Wrestling Demons, as it turns out, is about a high-school wrestler that–wait for it–fights demons.
Not on purpose. Not at first, anyway.
Connor Morgan is a varsity wrestler whose life changes after a strange attack on school grounds. The mystery that follows is a tightly constructed one. One of the good types. I thought for sure I had the actual end figured out. Nope. Point to the author.
Drawing heavily on Japanese mythology, the author demonstrates their commitment to research. Yet, it avoids most of the stereotypes that usually follow. Connor isn’t the “Chosen One,” or the white savior. Connor is part of a team. While that team consists of supporting characters, they all feel indispensable. No one gets left behind, and there was some attention paid to their character development. They still felt like individuals with their own personalities. All their interactions were well-done, and the dialogue never felt clunky.
Despite past occurrences, Connor still has a loving family. Words can’t express how much I loved the dynamic. The implicit trust (and refusal to break said trust). The communication that families should have. It still utilizes the broken family trope, but they’re more cracked than anything. Still held together.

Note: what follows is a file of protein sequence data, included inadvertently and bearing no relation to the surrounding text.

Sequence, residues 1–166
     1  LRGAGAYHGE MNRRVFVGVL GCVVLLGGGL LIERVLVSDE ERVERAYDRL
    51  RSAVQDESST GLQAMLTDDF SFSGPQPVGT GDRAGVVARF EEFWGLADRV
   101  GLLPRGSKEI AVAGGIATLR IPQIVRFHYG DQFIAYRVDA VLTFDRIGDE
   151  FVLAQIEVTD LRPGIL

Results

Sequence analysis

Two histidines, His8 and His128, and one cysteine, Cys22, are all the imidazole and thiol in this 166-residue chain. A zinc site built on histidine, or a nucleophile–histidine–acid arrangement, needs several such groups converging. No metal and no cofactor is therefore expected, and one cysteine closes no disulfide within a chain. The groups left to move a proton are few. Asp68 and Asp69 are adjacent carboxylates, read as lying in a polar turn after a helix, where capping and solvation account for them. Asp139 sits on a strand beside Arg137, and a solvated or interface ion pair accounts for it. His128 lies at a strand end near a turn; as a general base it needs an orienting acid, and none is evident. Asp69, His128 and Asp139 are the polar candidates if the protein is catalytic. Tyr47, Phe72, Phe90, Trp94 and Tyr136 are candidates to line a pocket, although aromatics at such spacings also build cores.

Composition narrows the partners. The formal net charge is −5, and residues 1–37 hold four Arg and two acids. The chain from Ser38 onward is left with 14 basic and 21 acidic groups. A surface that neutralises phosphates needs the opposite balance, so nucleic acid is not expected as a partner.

I see what the author was doing with romantic subplot. It served a purpose, and it started promising. The farther along in the narrative it got, the less and less I liked his love interest. Her character was fine. It was the actual interaction and conversations between her and Connor I didn’t like.
Speaking of narrative, Connor does an excellent job of recounting his adventures. The tone was appropriate for his character. Details were where they needed to be. They felt more like passing observations, but still gave the reader a good idea of what was going on. Action scenes were well-written. There wasn’t anything super-elaborate or flowery. It wasn’t all “this happened, then this.” There were no “superpowered” kids that learned Kung-Fu in two weeks. It had a nice pace with excellent attention to continuity. When it came down to wrestling, the author didn’t assume that the reader knew the rules. I learned something from this novel. Always a bonus.
I liked the positive metaphors Wrestling Demons contained. And they were obvious metaphors as well. Nothing too convoluted. Nice and simple. The story ended tied up, neat and clean. There was enough left in place to hint at the possibility of a sequel; something I would very much look forward to.